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Lao Tzu for Everyone

Students, Scholars

& Seekers

Peter Gilboy, Ph.D.

Line 1  寵辱若驚

Line 2  貴大患若身        

Line 3  何胃寵辱若驚

Line 4  寵之為下也


Line 5  是胃寵辱若驚

Line 6  何胃貴大患若身 

Line 7  吾所以有大患者


Line 8  及吾无身有何患

Line 9  故貴身於天下


Line 10 愛以身為天下



My very

own 'Me"

     “So, tell me about yourself,” is a common enough question on a first date. But we don’t launch into a description of our organs and appendages—liver, spleen, toes, ears, or the teeth we just flossed. Those are very different from what we hold so dearly as our “me.”

     So instead, we launch into a recital of our personal history, likely including where we’re from, the places we’ve been, jobs we’ve had, hobbies, schooling, degrees, awards and other things we’ve attained; the languages we may speak, the instruments we may play and some of our accomplishments in our field. Blah, blah, blah.

     Of course, on a first date we may not mention those other features of our personal history–our worries, our fears, our loneliness, our concern that others may not like us enough. Blah, blah, blah.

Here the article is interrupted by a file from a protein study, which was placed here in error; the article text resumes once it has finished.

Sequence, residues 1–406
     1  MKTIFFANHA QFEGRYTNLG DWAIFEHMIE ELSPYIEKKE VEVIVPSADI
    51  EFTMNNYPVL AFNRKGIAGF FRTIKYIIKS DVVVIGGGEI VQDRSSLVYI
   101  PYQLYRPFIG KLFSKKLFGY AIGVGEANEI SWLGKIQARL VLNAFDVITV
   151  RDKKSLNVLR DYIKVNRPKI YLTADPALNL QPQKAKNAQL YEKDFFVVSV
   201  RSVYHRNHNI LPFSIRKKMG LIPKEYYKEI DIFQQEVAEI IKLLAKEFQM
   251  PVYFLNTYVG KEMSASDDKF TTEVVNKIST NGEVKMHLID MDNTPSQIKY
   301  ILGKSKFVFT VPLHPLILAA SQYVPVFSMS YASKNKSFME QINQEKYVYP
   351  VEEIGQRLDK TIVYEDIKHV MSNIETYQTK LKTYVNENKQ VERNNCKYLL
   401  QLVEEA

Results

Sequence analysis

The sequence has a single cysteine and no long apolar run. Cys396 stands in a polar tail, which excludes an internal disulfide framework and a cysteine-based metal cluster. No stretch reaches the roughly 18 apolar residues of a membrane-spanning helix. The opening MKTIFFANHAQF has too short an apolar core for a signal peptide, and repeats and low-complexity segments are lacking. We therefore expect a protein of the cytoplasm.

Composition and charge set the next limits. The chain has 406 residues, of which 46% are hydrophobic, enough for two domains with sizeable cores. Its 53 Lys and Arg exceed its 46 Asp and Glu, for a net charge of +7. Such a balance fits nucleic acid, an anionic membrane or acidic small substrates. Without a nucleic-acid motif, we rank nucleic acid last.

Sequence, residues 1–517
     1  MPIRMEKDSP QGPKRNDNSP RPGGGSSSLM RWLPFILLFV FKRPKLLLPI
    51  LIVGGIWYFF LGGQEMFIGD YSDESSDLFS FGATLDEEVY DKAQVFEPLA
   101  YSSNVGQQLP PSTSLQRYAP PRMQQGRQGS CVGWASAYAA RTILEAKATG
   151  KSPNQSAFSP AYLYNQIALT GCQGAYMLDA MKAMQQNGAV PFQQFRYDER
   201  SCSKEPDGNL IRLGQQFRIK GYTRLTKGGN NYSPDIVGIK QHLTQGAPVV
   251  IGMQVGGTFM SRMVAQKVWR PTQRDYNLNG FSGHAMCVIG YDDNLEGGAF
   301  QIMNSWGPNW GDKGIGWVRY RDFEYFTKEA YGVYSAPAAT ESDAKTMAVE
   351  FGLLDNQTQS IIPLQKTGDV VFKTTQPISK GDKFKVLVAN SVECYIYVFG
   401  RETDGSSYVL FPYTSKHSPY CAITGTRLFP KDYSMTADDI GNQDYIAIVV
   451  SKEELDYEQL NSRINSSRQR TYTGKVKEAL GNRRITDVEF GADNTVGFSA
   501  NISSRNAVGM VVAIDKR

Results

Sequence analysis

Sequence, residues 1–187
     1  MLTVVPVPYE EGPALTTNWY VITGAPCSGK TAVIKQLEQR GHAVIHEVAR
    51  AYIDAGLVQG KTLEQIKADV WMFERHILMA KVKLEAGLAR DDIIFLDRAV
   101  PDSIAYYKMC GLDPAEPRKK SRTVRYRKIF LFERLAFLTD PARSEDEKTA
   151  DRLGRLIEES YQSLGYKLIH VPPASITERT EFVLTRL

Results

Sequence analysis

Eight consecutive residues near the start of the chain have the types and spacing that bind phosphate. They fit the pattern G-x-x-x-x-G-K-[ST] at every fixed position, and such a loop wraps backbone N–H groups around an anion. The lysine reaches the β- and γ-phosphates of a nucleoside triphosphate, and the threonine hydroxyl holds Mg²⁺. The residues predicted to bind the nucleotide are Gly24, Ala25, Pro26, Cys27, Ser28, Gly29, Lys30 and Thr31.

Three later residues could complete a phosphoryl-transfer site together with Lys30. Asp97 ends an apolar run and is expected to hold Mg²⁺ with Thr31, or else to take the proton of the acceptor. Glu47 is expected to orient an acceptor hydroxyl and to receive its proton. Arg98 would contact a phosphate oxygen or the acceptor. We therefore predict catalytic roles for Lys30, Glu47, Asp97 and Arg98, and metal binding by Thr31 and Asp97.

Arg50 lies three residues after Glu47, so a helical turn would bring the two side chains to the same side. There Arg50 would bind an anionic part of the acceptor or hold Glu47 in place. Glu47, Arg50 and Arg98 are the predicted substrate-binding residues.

Such self-images of ourselves—both positive and negative—all have something thing in common: They have no "certainty" outside our heads. They have no substance, no being.  Yet they are the cause for most of our suffering.

      This lesson follows nicely on the previous one, where Lao Tzu addressed our "first-hand-self," what he calls our 自zì 然rán, or self-so-ness. In this lesson Lao Tzu addresses our many delights, and also those quiet, internal sufferings we experience because we confuse our "me" as our first-hand-self.


Click on each line number

 for Chinese-English interlinear

& commentary


I regard praise and disgrace

with the same alarm.


I regard both honor and great

suffering as my "me."



Why do I say,

"I regard praise and disgrace

with the same alarm?"


Because praise is lowly.

So getting it is a reason for alarm

as much as losing it.


That's why I say that 

I regard praise and disgrace

with the same alarm.





Why do I say,

"I regard honor and

great suffering

as my 'me?'"




Because the reason I have

great suffering in the first place

is because I have a "me."





If I didn't have a "me,"

then how could I suffer.



Therefore, one who honors

their "me" as they honor all the world 

may entrusted with the world


And one who cherishes

his or her "me" as they cherish

the world, can be

a steward of the world.



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